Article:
Gaps Found in Parturient Resuscitation Knowledge


PALM DESERT, CALF. — Obstetricians, emergency physicians, and anesthesiologists may suffer significant knowledge gaps when it comes to resuscitation of parturients, suggest survey results presented in poster form at the annual meeting of the Society for Obstetric Anesthesia and Perinatology.

Faculty and residents in all three groups of specialists at Stanford (Calif.) University responded to an 11-question anonymous survey covering four critical knowledge areas concerning parturient resuscitation after catastrophic events leading to cardiorespiratory arrest:

▸ Awareness of the need for left uterine displacement.

▸ Recall of specific standard advanced cardiac life support (ACLS) algorithms.

▸ Knowledge of pertinent maternal physiology.

▸ Awareness of the recommendation to perform cesarean section in parturients at more than 20 weeks' gestation after 5 minutes of unsuccessful resuscitation for cardiac arrest.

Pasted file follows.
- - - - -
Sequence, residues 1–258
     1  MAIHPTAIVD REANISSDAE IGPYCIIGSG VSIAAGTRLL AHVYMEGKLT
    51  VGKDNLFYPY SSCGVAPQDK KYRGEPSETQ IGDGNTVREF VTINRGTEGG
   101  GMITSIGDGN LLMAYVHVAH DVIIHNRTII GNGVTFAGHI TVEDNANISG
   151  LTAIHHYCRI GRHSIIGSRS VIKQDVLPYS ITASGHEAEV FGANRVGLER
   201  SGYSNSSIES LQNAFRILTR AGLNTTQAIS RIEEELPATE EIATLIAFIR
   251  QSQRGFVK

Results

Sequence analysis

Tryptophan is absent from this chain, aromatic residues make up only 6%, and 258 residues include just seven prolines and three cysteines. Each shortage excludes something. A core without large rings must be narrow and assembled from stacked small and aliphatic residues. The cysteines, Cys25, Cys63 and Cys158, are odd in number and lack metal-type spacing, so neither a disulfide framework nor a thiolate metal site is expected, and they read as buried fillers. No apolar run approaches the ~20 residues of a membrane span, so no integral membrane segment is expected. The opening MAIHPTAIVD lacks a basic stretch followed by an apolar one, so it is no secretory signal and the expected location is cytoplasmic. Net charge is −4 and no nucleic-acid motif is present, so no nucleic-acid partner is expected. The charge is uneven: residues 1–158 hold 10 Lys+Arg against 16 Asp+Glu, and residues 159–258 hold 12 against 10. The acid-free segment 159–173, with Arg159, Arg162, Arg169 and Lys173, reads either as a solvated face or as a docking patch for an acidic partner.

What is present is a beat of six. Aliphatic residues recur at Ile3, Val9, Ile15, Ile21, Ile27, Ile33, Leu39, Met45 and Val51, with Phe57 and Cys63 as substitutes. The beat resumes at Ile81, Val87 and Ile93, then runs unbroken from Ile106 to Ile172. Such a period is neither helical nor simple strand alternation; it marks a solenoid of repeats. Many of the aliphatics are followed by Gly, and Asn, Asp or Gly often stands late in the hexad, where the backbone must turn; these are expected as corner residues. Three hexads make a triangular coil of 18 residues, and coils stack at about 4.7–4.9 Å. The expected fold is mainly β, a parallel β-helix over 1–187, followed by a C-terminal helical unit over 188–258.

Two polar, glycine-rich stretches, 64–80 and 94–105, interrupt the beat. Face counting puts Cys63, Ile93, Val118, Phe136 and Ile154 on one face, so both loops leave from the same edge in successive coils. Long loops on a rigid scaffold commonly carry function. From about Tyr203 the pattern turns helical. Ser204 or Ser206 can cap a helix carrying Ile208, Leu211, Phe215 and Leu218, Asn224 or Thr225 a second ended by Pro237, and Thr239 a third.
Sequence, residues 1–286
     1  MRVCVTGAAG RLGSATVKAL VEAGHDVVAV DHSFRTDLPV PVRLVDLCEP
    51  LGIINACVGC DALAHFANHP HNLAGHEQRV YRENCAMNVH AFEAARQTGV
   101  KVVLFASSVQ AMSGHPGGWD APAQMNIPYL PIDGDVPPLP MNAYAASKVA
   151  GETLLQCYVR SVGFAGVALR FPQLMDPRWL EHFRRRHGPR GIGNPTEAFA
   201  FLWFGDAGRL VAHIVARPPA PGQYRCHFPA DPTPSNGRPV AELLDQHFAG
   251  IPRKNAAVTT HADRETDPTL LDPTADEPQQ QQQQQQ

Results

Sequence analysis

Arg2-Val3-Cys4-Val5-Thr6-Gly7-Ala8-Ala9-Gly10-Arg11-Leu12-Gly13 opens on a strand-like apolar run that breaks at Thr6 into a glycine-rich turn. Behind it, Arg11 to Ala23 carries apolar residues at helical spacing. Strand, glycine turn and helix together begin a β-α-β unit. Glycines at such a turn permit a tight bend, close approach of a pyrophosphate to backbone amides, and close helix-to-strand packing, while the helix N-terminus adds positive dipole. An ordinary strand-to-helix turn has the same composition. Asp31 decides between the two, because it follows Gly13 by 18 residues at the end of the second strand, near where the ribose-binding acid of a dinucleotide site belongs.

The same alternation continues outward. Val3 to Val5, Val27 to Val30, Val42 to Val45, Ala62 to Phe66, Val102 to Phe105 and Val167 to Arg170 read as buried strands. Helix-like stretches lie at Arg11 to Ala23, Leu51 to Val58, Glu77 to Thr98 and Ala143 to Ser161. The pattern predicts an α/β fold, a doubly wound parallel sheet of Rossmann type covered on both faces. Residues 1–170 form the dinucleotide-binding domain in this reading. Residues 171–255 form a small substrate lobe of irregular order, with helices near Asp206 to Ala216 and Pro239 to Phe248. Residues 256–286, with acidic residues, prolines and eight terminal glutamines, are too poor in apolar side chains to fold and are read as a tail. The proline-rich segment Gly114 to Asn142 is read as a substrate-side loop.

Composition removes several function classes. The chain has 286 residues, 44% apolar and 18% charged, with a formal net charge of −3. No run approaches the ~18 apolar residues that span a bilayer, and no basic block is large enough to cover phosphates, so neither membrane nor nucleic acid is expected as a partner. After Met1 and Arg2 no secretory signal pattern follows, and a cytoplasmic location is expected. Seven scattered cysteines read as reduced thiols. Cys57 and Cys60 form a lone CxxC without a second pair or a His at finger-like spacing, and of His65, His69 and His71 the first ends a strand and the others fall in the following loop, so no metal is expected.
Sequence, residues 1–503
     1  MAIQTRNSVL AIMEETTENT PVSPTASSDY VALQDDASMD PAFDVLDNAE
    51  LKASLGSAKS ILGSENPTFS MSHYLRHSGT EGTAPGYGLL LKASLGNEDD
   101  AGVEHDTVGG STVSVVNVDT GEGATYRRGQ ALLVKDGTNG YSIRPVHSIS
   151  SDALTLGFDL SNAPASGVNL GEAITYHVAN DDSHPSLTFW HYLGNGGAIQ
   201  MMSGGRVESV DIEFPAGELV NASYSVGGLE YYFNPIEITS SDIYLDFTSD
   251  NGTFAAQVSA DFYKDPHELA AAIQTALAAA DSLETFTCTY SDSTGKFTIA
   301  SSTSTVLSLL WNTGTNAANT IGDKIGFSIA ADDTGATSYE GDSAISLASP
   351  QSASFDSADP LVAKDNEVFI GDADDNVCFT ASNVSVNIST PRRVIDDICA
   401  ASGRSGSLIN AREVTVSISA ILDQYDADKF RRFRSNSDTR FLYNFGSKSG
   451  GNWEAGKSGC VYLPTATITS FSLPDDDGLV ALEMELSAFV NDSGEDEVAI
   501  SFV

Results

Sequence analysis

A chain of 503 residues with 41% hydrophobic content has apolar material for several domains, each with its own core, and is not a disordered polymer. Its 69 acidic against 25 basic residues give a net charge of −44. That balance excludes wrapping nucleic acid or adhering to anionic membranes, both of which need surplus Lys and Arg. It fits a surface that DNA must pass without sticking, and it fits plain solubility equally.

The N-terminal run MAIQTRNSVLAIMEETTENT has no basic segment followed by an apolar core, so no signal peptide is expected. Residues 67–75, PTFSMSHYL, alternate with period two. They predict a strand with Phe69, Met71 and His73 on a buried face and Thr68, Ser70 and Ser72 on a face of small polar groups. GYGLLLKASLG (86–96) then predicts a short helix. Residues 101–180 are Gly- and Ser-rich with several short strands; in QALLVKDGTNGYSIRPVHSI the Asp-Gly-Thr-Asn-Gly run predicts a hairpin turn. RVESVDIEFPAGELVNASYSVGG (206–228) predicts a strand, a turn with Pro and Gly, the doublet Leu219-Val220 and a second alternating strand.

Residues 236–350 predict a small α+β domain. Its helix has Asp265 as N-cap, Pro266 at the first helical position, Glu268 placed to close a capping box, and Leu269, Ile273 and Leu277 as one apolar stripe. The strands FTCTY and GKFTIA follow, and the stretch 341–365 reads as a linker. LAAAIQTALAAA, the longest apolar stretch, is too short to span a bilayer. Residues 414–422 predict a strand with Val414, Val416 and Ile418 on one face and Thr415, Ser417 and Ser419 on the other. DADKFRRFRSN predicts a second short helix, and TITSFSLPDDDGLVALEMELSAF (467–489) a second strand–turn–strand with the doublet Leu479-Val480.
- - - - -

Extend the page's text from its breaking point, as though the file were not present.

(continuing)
Among 74 respondents, anesthesiologists answered the most questions correctly (average 76%). They were also better informed than other specialists about relevant maternal physiology.

Emergency physicians scored highest on questions regarding ACLS algorithms, averaging 93% correct responses.

All three groups earned similar scores on questions relating to left uterine displacement during resuscitation and the 5-minute cesarean rule. However, the rate of correct responses to those questions was low, at 60%–75%, said Leslie C. Andes, M.D., of the Stanford department of anesthesiology, and her associates.

They recommended that residents in all three specialties be required to complete ACLS certification, with an emphasis on the special resuscitation needs of parturients.

The issue may be of critical importance. Investigators pointed to findings in “Why Mothers Die 2000–2002,” a confidential analysis conducted in the United Kingdom that concluded some degree of substandard care was involved in more than 50% of maternal deaths and that most were preventable.

A lack of properly performed, timely resuscitation was implicated in some of those deaths.

“Catastrophic events leading to cardiorespiratory arrest may necessitate the resuscitation of pregnant women not only in labor and delivery suites, but also in other hospital locations,” Dr. Andes and her associates noted in the poster.

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